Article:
Ryan Guild, Dr. Xander Wang and other co-author have recently published a study on tracking deforestation, drought, and fire occurrence in Kutai National Park, Indonesia in the Remote Sensing journal.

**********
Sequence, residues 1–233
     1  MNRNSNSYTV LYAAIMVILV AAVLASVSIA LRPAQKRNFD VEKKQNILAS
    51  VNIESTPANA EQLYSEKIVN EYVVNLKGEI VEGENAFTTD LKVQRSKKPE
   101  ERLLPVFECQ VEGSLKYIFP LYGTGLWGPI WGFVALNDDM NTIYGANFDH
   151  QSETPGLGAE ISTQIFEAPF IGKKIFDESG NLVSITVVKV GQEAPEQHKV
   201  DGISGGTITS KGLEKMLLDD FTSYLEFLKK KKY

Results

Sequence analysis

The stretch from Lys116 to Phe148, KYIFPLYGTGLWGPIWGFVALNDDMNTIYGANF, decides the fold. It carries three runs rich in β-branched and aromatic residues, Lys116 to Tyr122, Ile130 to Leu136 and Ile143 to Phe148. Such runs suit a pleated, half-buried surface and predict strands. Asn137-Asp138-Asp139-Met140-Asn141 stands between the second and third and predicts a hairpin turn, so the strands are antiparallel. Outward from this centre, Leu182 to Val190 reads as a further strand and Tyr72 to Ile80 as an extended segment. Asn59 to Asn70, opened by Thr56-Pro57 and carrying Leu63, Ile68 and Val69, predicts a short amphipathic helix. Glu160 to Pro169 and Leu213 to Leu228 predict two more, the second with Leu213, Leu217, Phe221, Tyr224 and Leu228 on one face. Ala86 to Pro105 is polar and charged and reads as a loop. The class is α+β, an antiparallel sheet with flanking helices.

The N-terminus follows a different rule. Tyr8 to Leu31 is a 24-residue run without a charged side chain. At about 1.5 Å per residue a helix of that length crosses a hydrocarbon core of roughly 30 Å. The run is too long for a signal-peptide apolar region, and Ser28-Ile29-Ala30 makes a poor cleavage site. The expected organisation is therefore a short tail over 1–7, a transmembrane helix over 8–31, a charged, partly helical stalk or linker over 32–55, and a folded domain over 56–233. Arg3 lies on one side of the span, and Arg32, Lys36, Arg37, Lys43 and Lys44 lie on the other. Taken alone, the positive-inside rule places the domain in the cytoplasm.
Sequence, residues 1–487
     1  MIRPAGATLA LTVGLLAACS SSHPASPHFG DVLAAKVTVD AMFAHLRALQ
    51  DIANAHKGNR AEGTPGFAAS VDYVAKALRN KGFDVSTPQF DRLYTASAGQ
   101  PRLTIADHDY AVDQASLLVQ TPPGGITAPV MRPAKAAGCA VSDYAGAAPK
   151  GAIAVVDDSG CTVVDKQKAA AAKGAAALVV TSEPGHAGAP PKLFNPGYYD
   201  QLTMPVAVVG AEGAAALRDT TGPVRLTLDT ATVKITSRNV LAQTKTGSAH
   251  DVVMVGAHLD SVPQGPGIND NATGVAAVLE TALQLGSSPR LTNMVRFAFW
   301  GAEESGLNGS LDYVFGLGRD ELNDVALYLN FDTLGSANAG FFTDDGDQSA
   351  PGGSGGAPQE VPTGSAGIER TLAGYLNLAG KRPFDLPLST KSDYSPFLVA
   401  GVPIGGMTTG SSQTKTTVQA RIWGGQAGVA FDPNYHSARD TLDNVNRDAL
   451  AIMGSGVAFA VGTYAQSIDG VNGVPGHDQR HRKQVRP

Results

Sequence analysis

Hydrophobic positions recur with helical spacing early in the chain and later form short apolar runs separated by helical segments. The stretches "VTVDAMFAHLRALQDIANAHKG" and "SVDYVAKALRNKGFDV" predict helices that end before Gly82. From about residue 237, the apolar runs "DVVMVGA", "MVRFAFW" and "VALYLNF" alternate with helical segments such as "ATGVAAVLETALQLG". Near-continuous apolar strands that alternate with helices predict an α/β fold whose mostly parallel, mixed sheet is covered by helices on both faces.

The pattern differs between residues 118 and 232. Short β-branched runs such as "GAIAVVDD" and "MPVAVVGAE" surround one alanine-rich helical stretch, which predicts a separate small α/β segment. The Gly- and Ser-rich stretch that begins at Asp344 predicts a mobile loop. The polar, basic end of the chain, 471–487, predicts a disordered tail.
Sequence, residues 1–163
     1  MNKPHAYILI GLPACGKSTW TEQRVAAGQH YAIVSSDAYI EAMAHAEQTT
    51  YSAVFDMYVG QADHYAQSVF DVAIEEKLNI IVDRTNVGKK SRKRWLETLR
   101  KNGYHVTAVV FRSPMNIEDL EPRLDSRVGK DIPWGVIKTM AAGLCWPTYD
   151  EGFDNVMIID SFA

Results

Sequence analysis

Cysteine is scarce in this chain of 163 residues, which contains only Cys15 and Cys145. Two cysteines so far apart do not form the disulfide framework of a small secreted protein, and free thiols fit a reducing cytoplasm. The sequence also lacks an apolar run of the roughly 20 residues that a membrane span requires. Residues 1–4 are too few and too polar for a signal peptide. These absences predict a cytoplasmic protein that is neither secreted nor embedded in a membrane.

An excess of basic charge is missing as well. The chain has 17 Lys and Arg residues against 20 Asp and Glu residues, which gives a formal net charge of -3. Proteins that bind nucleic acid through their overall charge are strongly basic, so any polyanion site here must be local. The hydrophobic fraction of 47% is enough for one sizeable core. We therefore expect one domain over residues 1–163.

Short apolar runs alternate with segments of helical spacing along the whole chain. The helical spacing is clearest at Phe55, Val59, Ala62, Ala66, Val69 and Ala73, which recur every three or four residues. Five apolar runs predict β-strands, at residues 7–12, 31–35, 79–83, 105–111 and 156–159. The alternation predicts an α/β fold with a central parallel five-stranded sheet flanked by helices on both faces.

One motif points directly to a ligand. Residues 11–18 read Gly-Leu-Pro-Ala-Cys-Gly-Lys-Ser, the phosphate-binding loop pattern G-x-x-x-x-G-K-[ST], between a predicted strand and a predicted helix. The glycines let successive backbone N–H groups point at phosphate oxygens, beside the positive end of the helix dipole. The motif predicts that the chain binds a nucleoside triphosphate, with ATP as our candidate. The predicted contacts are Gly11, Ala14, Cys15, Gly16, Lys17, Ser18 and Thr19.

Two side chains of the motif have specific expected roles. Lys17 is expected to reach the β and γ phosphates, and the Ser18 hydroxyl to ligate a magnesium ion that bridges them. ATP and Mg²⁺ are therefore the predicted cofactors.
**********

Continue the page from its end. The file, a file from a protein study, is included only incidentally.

The dry lowland and mangrove forests of Kutai National Park (KNP) in Indonesia provide invaluable ecosystem services to local human populations (>200,000 in number), serve as immense carbon sinks to recapture anthropogenic emissions, and safeguard habitats for thousands of wildlife species including the critically endangered Northeast Bornean orangutan (Pongo pygmaeus morio). With recent reports of ongoing illegal logging and large-scale wildfires within this National Park, we sought to leverage the extensive catalogue and processing power of Google Earth Engine to track the rates and influences of forest loss within KNP over various time periods since 1997. We present estimates of forest loss from the Hansen Global Forest Change v1.9 dataset (2000–2021) which detected a loss of 15% (272 km2) of forest cover within KNP since 2000, half of which (137 km2) coincided with the El Niño-induced wildfires of 2015–2016. Using the MCD64A1 C6.1 MODIS dataset, we found significant spatial overlap between burned area and forest loss detections during the 2015–2016 period but identified considerable omissions in the burned area dataset over smallholder farms within KNP. We discuss the implications of deforestation in areas of primary orangutan habitat and how patterns of forest loss have influenced drought and fire dynamics within KNP. Finally, we compare time-series estimates of precipitation, the ENSO index, burned area, and forest loss to demonstrate that fire risk within KNP depends largely—but not exclusively—on drought severity, and that rates of non-fire (gradual) and fire-related (extreme) forest loss threaten the remaining forests of this National Park.